T33.21 Anthony Moore – “CSound & Saz”

CD – 1 track – 30:37

Release date: Friday 2nd December 2022

Available to pre-order now

Track listing:

1. CSound & Saz

Photography & design by Jon Wozencroft

Anthony Moore (b. August 1948) is a composer/musician, now based in the UK, formerly professor in Cologne for sound art and music working on the social and technical history of sound. He operates across many genres; ambient drone, musique concrète, electroacoustic, songwriting and immersive, multi-channel sound installations. He continues to compose, perform and release work on various labels such as Touch, Drag City (Chicago), P-Vine (Tokyo) and others.

Anthony Moore recently conducted a lengthy interview with Julian Cowley for The Wire, which appeared in their October ’22 edition in the form of a 6 page feature length article.

Touch.40 live at Iklectik. I received an invitation to perform at the 40th anniversary gathering, June 2022. Previous works for the label, “Arithmetic in the Dark” and “Isoladrone2020” illuminated the landing strip for a new work. It should be continuous – a further play on moving and remaining. I wanted to balance the digital output of a CSound orchestra with an analogue instrument and chose the Turkish saz, a sound I’ve loved and lived with for the last 6 decades. I prepared the ground for the live performance with a graphical interface for CSound and an e-bow for the Saz (along with some short pre-recordings of picking and strumming). Then, a few days before the concert, I got Covid. On the suggestion of Jon and Mike I recorded a live performance-for-one, (myself at home) which was played back at Iklectik. Unedited, unchanged, here it is.” (amoore st leonards 220807)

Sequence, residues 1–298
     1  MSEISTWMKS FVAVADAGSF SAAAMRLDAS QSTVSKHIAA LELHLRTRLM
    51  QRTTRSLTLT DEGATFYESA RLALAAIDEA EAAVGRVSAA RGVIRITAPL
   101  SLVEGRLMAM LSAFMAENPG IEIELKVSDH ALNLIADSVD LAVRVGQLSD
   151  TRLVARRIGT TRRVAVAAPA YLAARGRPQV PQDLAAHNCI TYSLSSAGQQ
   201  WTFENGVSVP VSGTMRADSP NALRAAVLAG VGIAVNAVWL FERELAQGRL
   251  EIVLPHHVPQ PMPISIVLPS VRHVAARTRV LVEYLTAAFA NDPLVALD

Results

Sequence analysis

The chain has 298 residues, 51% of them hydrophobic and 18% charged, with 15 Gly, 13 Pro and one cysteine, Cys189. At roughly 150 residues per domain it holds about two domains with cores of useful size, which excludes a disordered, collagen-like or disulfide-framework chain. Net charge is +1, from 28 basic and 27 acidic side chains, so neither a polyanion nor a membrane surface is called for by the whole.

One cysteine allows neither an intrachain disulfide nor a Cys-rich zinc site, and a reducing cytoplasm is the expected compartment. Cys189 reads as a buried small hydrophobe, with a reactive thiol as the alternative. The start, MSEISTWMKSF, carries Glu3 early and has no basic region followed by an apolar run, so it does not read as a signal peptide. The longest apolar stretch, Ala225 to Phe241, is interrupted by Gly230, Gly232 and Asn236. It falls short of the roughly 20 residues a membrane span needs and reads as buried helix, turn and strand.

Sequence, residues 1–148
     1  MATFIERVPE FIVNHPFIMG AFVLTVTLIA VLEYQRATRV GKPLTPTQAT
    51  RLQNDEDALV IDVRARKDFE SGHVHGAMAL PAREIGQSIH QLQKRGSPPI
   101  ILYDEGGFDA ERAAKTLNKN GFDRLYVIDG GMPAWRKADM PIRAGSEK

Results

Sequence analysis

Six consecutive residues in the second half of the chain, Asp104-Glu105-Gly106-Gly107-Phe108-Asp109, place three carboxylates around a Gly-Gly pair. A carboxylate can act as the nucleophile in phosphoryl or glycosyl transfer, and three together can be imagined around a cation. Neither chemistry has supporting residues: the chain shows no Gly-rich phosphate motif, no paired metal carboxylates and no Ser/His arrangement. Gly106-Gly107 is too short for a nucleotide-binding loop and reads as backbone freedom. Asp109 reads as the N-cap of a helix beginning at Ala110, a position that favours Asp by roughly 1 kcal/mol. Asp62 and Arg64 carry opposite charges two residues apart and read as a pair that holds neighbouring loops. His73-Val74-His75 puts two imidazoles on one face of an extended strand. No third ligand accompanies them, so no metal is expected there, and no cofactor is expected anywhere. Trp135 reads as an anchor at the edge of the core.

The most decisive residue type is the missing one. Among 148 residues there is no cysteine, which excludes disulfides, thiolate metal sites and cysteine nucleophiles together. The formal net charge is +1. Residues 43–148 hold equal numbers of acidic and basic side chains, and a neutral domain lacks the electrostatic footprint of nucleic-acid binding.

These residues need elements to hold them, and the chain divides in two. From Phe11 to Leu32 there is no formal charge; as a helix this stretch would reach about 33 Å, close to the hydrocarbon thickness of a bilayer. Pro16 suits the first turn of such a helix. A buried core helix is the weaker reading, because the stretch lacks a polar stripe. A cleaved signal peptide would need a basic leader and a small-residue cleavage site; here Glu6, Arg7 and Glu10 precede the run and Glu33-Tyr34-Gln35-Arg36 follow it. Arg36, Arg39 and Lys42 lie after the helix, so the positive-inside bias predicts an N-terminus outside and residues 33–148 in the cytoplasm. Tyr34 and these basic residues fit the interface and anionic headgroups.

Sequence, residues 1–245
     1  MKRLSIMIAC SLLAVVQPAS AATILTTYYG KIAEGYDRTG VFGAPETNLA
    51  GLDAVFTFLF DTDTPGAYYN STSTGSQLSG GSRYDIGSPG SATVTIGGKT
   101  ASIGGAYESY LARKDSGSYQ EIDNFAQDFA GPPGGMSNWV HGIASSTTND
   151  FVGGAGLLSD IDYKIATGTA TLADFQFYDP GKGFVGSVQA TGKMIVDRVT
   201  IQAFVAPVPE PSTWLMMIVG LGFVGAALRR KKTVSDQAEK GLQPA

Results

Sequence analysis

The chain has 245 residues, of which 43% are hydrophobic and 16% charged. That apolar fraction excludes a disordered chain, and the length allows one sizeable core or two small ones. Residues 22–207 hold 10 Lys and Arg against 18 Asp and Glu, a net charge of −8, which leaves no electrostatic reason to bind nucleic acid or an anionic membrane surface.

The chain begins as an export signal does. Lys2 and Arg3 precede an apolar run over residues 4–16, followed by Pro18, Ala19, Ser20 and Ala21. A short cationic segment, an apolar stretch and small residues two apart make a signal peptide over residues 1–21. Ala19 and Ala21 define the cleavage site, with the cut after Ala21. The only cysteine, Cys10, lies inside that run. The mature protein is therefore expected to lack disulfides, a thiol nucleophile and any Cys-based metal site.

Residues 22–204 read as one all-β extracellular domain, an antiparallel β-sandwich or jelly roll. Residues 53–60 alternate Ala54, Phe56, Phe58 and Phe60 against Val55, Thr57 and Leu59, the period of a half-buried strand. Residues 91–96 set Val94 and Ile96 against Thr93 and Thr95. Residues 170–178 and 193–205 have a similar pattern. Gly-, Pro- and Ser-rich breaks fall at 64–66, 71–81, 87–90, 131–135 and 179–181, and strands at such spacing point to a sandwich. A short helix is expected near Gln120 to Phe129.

Three pairs of thin, wire strings on the Turkish saz are struck, and the resulting sound is harmonised, filtered and then sustained in an infinite but gradually shifting chord of harmonics. In addition, an ebow is used to excite the strings in realtime. This sound is natural, untreated, and adds layers to the sustained chord. Subsequently, two Csound programs running in parallel are ‘fed’ the natural sound of the saz and the output is heavily effected with filters, resonators, vocoders etc. These sonic gestures are allowed to take over as the original chord fades to leave the more transparent sounds of the Csound outputs. The organum returns with much more warm, low end. The saz transformations thin out to leave a keening call. And finally the last minutes are filled with a deep chord which fades to silence.